Apple may have cancelled the beloved iPod classic but an archaic part of its heritage has made it into the apple watch, the click wheel. I understand on a fundamental level that putting in the ‘crown’ would automatically liken the apple watch to normal watches, but there’s a reason that normal watches don’t require you to use the crown very often. As an input device, it’s small, annoying and is simply placed too close to your own wrist to avoid being awkward to use. I feel like any sort of touch gesture, no matter how small the screen, would be better than this. Perhaps a swipe with a finger from edge to edge? From the top to the bottom? Even a convoluted gesture system would be miles ahead of this anachronistic implementation.

For the most part, the Moto 360 seems like a great answer to these complaints. Android Wear’s use of cards and simple gestures is clean, useful and tasteful. The watch itself isn’t too bad looking either. It’s just the battery life that fails it. Not lasting a whole day is criminal but even requiring nightly charging using a cable seems like its own irritation. This may seem fussy but carrying around two devices that need to be charged every night is a bit of a pain. Ideally, these devices really should have some sort of wireless charging built in so before I go to bed I can dump my phone and watch onto a surface and not worry about them. Until then, for a device that’s supposed to make my life easier, the first and last memories I have of it in the day are reminders of a fundamental annoyance.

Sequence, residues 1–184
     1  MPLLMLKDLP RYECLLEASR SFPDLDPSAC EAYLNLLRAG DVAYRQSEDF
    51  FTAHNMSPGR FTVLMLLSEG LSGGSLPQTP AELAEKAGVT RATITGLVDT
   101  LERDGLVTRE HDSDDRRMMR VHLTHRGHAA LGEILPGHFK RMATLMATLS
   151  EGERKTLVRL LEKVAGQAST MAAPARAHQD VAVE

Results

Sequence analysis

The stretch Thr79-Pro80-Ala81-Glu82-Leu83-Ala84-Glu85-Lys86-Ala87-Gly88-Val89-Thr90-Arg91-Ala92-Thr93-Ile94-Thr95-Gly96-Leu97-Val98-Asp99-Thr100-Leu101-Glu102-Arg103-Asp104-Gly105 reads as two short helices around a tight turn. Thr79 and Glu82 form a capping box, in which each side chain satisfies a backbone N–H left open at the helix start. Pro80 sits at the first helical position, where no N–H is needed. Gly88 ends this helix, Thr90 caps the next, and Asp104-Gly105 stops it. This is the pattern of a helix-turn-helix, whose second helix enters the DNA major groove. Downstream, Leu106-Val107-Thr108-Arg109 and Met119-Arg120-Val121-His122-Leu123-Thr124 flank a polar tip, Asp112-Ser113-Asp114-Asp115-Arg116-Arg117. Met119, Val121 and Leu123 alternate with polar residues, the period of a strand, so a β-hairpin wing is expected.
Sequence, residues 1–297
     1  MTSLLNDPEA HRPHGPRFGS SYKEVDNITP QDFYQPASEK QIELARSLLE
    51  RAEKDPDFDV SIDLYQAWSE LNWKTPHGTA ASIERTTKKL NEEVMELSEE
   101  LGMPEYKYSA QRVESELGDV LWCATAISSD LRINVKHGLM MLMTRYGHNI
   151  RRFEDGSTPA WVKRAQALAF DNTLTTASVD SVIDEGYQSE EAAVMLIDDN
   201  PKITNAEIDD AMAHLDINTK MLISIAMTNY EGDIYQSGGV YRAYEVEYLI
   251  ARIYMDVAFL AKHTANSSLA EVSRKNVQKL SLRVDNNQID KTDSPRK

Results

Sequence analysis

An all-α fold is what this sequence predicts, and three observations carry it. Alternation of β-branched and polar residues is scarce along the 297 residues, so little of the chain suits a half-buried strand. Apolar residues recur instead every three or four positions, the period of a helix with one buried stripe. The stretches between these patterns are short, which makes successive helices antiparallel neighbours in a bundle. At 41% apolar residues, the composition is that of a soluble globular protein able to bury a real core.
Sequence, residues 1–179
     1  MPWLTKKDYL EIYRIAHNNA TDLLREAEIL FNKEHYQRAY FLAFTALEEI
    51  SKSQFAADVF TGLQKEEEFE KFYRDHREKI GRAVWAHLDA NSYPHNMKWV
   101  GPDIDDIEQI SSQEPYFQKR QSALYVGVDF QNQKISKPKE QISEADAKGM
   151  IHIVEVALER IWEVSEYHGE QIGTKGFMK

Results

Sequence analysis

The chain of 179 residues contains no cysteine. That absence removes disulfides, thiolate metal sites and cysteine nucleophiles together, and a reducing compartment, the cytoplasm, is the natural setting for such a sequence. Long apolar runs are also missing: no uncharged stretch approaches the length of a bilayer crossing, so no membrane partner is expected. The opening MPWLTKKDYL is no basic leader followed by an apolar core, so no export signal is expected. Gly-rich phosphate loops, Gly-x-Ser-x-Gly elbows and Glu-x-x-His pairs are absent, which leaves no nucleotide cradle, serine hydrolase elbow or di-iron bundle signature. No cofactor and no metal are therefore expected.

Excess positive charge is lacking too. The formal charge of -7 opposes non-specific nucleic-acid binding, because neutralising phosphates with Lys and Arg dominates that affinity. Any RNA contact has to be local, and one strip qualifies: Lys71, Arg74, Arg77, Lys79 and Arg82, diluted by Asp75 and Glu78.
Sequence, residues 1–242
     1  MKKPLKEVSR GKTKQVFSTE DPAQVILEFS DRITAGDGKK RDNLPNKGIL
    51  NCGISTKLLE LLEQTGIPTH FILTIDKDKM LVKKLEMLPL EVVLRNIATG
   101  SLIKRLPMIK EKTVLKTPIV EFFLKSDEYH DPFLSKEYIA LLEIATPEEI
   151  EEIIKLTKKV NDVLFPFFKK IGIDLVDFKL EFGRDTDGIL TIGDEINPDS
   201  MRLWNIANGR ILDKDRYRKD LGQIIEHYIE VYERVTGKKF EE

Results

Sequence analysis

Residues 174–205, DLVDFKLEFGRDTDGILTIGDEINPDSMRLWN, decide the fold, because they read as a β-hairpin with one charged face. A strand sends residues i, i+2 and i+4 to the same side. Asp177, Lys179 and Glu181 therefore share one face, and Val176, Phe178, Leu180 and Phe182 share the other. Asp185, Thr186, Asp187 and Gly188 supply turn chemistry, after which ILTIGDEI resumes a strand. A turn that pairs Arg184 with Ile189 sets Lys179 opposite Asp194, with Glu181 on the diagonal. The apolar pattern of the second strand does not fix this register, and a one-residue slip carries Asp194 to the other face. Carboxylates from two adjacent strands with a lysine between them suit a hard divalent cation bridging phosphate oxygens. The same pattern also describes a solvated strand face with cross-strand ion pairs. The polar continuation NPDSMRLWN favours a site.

Screenshot 2014-09-12 00.27.40

This is all pretty negative stuff, but I do recognize that like every other new product launch things will improve very quickly. If you pick up a first generation iPad now you’re shocked at the weight and bulk of the thing, remember picking up the second version and noticing how much thinner and better constructed it was, and then the newest Air? Similar jumps will be made with smartwatches, and the dream device of something with a couple of days battery, a slim profile and intuitive touch based gesture system is somewhere in the near future. Every new consumer product has its growing pains and wearables are no different; it’s going to be an exciting road ahead.

Death From Above 1979 – The Physical World



You’re a Woman I’m a Machine, Death from Above 1979’s first album was very much of it’s time. Fellow ‘Dance Punk’ bands such as LCD Soundsystem and The Rapture were huge and released great albums while Death from Above 1979 stood on the more punk oriented side of this movement. Now that LCD Soundsystem are gone and the Rapture seemingly MIA. Death from Above 1979 have returned after a 10 year hiatus with a new album.